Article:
New findings do not support the recommendation for universal screening on hospital admission for methicillin-resistant Staphylococcus aureus (MRSA) to reduce the rate of hospital-acquired infections in surgical patients, according to a study in the March 12 issue of JAMA.
Individuals who carry antimicrobial-resistant disease-producing agents such as MRSA places patients at high risk of infection. Early identification of patients with MRSA and subsequent prevention of patient-to-patient spread through infection control measures are believed to be important interventions to control MRSA.
Experts and policy makers, nationally and internationally, recommend universal admission screening as a means to control MRSA. However, no controlled trial has tested the hypothesis that rapid MRSA screening may improve patient outcome by decreasing MRSA cross-transmission and increasing the adequacy of pre-operative prophylaxis [disease prevention], the authors write.
Stephan Harbarth, MD, MS, and colleagues with the University of Geneva Hospitals and Medical School, Geneva, Switzerland, conducted a study to evaluate the effect of a early MRSA detection strategy on MRSA infections acquired in a hospital (nosocomial ) among 21,754 surgical patients at a Swiss teaching hospital. There were two MRSA control strategies: rapid screening on admission plus standard infection control measures vs. standard infection control alone.
Twelve surgical wards including different surgical specialties were enrolled according to a pre-specified protocol, assigned to either the control (n = 10,910) or intervention (n = 10,844) group for a nine-month period, then switched to the other group for anotherÂ nine months. During the screening intervention periods, patients admitted to the intervention wards for more than 24 hours were screened before or on admission by a molecular technique for rapid, early detection of MRSA. Overall, 10,193 (94 percent) of the intervention group patients were screened with the rapid test during the intervention periods. Median time from admission screening to notification of test results was 22.5 hours.
Admission screening during the intervention periods identified a total of 515 MRSA-positive patients among the screened patients (5.1 percent). The majority of patients (n = 337 [65 percent]) had not been previously identified as MRSA carriers and would have been missed without systematic screening on admission. The authors estimate that to detect 1 previously unidentified MRSA carrier on admission, 30 patients would have to be screened.
A total of 93 patients (1.11 per 1,000 patient-days) developed nosocomial MRSA infection in the intervention periods compared with 76 patients (0.91 per 1,000 patient-days) in the control periods. The rate of MRSA surgical site infection and nosocomial MRSA acquisition did not change significantly. Fifty-three of 93 infected patients (57 percent) in the intervention wards were MRSA-free on admission and developed MRSA infection during hospitalization.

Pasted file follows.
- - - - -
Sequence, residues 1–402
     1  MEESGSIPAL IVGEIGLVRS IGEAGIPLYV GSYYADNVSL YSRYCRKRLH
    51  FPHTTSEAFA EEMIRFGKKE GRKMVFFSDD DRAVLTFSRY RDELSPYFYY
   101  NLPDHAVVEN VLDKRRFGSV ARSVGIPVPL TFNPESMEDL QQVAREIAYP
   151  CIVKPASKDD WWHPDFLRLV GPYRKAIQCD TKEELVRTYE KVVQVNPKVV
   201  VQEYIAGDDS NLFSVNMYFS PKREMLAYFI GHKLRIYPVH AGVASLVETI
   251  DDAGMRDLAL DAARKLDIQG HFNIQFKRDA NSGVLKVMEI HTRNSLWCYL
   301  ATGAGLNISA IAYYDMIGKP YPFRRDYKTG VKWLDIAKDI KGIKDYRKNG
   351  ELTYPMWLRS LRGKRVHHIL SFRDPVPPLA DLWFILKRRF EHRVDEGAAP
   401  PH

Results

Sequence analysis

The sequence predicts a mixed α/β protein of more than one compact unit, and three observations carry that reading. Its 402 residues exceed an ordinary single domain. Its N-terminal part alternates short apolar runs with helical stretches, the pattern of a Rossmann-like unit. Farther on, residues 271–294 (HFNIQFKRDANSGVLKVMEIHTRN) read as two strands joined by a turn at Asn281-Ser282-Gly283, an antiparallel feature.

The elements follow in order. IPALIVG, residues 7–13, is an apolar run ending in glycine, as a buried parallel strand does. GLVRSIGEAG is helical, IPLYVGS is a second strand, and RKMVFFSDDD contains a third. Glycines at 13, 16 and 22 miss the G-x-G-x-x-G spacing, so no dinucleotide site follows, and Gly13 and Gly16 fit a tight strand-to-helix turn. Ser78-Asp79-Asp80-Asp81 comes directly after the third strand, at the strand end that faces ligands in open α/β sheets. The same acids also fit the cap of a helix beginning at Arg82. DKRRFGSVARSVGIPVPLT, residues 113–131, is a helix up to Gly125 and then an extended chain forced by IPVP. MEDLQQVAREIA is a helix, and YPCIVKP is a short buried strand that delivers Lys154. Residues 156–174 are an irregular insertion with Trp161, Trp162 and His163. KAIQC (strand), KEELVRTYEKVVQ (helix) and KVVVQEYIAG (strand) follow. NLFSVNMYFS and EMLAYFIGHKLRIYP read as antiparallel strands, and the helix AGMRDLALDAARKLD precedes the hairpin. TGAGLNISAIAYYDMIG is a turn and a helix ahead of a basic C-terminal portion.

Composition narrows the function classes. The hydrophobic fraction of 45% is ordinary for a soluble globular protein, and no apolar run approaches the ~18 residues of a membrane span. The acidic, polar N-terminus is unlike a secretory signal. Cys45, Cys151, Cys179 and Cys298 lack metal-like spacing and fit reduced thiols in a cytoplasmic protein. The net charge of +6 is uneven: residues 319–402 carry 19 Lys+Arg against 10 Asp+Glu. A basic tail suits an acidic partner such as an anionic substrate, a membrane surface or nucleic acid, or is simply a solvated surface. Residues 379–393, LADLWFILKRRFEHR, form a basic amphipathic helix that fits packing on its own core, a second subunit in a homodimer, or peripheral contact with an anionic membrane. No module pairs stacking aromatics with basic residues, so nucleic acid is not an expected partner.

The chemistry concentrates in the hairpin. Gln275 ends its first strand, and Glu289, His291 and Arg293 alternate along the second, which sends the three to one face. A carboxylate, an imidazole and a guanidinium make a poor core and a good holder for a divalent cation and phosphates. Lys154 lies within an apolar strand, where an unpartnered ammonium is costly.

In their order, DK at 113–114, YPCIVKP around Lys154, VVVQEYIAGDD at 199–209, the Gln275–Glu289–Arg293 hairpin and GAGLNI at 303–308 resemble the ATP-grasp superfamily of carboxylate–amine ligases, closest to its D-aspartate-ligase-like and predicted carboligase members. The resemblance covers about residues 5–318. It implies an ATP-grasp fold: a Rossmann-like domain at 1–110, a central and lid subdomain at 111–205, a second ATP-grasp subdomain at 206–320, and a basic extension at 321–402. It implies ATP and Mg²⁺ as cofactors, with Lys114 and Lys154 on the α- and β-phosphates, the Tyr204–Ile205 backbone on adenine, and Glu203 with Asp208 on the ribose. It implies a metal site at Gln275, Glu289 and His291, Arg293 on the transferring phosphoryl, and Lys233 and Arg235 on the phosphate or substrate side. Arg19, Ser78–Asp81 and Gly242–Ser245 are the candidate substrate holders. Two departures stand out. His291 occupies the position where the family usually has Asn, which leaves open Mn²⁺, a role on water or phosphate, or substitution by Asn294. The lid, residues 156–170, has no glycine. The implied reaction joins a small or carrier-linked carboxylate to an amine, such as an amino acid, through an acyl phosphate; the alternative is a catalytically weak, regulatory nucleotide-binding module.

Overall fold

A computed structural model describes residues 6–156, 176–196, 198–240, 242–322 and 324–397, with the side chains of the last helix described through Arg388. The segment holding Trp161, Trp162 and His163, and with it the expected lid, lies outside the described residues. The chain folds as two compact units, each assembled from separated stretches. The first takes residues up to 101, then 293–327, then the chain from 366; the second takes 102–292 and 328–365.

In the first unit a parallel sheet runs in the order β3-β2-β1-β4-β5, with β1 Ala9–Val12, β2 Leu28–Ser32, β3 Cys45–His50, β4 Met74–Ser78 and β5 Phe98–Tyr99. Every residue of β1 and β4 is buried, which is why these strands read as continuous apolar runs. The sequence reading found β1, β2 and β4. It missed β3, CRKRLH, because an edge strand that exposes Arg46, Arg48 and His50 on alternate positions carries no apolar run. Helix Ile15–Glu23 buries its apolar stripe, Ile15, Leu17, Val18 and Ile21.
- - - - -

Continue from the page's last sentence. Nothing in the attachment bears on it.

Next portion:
Overall, our real-life trial did not show an added benefit for widespread rapid screening on admission compared with standard MRSA control alone in preventing nosocomial MRSA infections in a large surgical department. To increase effectiveness, MRSA screening could be targeted to surgical patients who undergo elective procedures with a high risk of MRSA infection. In such cases, earlier identification would allow sufficient time for optimal preoperative handling, including preoperative decontamination and adjustment of surgical prophylaxis. Finally, we suggest that surgical services and infection control teams should carefully assess their local MRSA epidemiology and patient profiles before introducing a universal screening policy, the authors conclude.
In an accompanying editorial, Preventing MRSA Infections: Finding It is Not Enough, Daniel J. Diekema, MD, of the University of Iowa Carver College of Medicine and Iowa City Veterans Affairs Medical Center, Iowa City, and Michael Climo, MD, of the Virginia Commonwealth University Medical Center and Hunter Holmes McGuire Veterans Affairs Medical Center, Richmond, Va., write that more research is required regarding controlling MRSA infections. While awaiting more and better data, what should clinicians do to control MRSA in hospitals? The first part of a tiered approach should include careful assessment of MRSA within the local healthcare environment. Hospitals should first adhere to established infection control principles and pursue patient safety initiatives known to reduce morbidity and mortality from all healthcare-associated infectious pathogens. Despite the attention rightly focused on MRSA, this pathogen causes only 8 percent of hospital-acquired infections in the United States, according to the most recent data from the National Healthcare Safety Network.
They continue, Interventions that will address those 8 percent plus the other 92 percent of hospital infections include intensive and multifaceted hand hygiene programs; bundled interventions to reduce central venous catheterrelated bloodstream infections, ventilator-associated pneumonia, and surgical site infections; and source control in the form of chlorhexidine [an antiseptic] bathing of intensive care unit patients. These interventions are simple and cost-effective and have the benefit of reducing all infections, including those due to MRSA. If healthcare-associated infections can be reduced to near zero with bundled interventions, MRSA infection rates should fall concordantly.
Reference: JAMA. 2008;299:1149-1157.
Source: American Medical Association